There is no finesse when Cole Gautsche runs the football.
Gautsche, the New Mexico football team’s starting quarterback, looks for contact when he rushes — not to get out of harm’s way.
However, Gautsche’s bruiser mentality also leads to more direct hits. That’s problematic for any quarterback, but especially so for Gautsche, who has suffered three concussions in his first two years at UNM, causing him to miss three games.
The running style that has helped Gautsche lead the Lobos’ offense the past two seasons is not going to change any time soon.
“I think I’m going to keep on doing what I’ve always done and see where it goes,” he said.
By looking at the numbers, it makes sense why Gautsche won’t take up a more evasive running style. UNM ranked seventh in the nation last season in rushing offense and fifth in 2012 with Gautsche leading the triple-option offense.
Granted, quarterback Clayton Mitchem did play a significant portion of snaps last season, but Gautsche was much more effective running the triple-option.
The probability of receiving a fourth concussion is something that does not weigh on his mind, Gautsche said.
“I just have it in the back of my mind,” he said, “but once I come out on the field it’s something that I don’t worry about it at all.”
Offensive coordinator Bob DeBesse said the primary concern with Gautsche is his health.
“As a human being and as a guy who loves the guy and admires him, sure,” DeBesse said. “You can’t deny the history to say that no, it’s not a concern, and have cavalier attitude about it. Absolutely not. We’re all concerned about Cole, but he’s okay with it and his family is okay with it.”
Another way Gautsche can avoid taking more hits is by improving his passing ability, which has always been the question mark for the junior signal caller.
Gautsche took steps to improve his technique during spring break by going to Florida for several training sessions with former Florida State and Heisman-winning quarterback Chris Weinke.
“It went really well,” Gautsche said. “Kind of just getting some help from Chris Weinke and all of his coaches out there by just helping me time everything in my throwing. Just trying to work all the kinks out.”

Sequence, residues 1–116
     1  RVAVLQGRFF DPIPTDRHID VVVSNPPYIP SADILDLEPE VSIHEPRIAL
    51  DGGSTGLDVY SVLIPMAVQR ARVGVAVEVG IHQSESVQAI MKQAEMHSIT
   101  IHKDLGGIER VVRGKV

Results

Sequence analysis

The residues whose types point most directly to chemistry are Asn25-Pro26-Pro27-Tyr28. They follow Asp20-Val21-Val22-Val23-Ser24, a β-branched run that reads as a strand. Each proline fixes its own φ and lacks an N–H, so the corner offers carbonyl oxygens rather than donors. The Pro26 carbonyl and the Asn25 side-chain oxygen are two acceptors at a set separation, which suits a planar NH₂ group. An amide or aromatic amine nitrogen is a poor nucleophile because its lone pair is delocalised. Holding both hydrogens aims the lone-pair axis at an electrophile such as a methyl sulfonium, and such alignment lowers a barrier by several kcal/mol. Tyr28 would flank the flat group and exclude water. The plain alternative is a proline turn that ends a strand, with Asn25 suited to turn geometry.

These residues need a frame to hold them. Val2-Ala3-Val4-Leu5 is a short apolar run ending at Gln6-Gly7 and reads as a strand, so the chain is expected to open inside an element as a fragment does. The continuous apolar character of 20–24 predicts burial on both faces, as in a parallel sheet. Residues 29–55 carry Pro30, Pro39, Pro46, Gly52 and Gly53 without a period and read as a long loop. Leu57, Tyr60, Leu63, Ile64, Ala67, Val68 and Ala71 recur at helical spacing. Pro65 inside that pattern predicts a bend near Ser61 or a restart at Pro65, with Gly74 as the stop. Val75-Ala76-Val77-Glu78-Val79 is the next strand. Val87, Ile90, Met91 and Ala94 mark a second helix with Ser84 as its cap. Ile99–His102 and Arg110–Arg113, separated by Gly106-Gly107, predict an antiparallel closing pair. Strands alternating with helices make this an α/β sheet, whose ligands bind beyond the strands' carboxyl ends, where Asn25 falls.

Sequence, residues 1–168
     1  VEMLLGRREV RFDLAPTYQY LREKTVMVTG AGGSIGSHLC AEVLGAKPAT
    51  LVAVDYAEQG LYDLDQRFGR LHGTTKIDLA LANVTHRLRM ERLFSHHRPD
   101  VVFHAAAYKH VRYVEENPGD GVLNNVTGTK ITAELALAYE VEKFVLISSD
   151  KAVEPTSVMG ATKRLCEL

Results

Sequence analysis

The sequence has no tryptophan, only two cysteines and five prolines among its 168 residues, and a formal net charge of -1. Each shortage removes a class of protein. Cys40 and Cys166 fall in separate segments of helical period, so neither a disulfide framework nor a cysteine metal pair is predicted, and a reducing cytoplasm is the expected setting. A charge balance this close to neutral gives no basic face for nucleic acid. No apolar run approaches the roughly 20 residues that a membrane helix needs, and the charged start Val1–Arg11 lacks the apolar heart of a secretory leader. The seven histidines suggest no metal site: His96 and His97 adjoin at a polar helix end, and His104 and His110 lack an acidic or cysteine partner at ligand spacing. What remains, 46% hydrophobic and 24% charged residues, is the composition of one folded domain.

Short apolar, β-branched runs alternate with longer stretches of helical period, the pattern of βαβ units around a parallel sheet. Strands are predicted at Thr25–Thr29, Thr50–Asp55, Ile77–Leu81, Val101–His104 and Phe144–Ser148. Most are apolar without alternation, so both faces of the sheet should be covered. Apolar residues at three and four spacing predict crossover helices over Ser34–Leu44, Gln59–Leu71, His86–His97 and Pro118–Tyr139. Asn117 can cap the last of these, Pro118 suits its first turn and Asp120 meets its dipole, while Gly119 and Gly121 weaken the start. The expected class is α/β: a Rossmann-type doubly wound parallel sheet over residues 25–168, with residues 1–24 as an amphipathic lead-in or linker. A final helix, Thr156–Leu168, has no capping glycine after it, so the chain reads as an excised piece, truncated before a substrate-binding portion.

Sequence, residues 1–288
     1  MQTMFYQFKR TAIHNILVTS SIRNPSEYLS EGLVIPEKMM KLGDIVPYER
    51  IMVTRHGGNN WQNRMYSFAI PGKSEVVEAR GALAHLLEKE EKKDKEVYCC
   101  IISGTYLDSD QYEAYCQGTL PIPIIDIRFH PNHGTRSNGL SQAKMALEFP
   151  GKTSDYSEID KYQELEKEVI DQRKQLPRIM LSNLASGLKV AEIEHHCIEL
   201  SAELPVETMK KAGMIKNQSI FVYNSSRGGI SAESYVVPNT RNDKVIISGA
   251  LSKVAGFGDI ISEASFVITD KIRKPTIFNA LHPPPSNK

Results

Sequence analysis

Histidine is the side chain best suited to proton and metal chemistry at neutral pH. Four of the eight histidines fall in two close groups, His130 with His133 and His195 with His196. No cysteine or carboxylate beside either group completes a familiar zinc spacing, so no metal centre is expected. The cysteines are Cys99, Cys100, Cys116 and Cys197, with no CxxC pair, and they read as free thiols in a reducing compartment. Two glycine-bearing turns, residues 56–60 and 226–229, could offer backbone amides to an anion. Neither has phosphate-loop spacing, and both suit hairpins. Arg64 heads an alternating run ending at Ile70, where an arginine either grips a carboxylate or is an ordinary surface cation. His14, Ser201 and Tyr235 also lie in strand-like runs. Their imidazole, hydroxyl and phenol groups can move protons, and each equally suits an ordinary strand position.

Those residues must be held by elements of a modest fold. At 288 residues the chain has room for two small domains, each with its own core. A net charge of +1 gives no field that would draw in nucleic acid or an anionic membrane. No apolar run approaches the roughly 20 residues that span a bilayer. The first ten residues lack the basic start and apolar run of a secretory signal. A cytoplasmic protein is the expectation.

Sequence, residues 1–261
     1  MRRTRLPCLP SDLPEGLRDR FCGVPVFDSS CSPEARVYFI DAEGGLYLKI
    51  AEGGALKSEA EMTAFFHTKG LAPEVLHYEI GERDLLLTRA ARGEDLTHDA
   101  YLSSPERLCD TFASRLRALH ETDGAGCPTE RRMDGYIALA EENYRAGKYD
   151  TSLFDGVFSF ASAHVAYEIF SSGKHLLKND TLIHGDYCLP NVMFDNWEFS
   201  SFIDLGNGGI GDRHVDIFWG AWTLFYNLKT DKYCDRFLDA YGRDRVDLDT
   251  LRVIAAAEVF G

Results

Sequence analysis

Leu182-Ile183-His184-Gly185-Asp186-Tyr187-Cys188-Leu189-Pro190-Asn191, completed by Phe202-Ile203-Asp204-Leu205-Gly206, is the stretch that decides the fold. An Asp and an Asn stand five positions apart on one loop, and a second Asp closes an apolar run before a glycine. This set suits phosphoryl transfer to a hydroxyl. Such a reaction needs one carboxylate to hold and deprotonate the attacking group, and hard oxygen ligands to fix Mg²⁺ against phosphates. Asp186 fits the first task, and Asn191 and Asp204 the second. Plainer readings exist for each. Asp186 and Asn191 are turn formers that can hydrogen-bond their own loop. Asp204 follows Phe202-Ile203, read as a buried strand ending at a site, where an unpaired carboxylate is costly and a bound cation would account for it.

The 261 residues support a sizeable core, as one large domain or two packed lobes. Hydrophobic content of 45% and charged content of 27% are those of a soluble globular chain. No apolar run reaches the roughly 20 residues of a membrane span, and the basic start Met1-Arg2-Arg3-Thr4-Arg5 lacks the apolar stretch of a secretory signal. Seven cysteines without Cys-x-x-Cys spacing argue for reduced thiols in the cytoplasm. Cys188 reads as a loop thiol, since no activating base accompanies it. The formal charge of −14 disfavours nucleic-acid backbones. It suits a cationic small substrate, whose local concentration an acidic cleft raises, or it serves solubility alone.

Besides working on his passing game, DeBesse said Gautsche must become more of a vocal leader for the Lobos.
“For him right now he’s been here so long, the next step for him is to be a leader,” DeBesse said. “He doesn’t have to look at himself as the young guy or the inexperience guy. He needs to assert himself more in the leadership role.”
Talking about practice
On Saturday the Lobos put on pads for the first time this spring and went full contact — something that Davie has not done thus far during his tenure at UNM.
Davie said the team’s tempo was where he wanted it to be and that going live during drills is something the Lobos must do to improve.
“We have to simulate as much as we can and not sugar coat things,” he said. “We have to put the ball down and go. We’ve put that ball down more often than we’ve ever had here during my time.”
Beside quarterback Clayton Mitchem missing a portion of practice due to a bump in his back, Davie said there were no significant injuries suffered Saturday.
Lobo football youth experience
UNM will host the 2014 Lobo Football Youth Experience on April 12 at University Stadium. The event is for children in kindergarten through eighth grade and will take place from noon to 2 p.m.. Admission is free.
The event includes a tour of the UNM football facilities, on-field drills and a chance to watch the Lobos practice.
Register by going to www.golobos.com on or before April 10.
Participants should check in at the southwest corner of University Stadium before noon.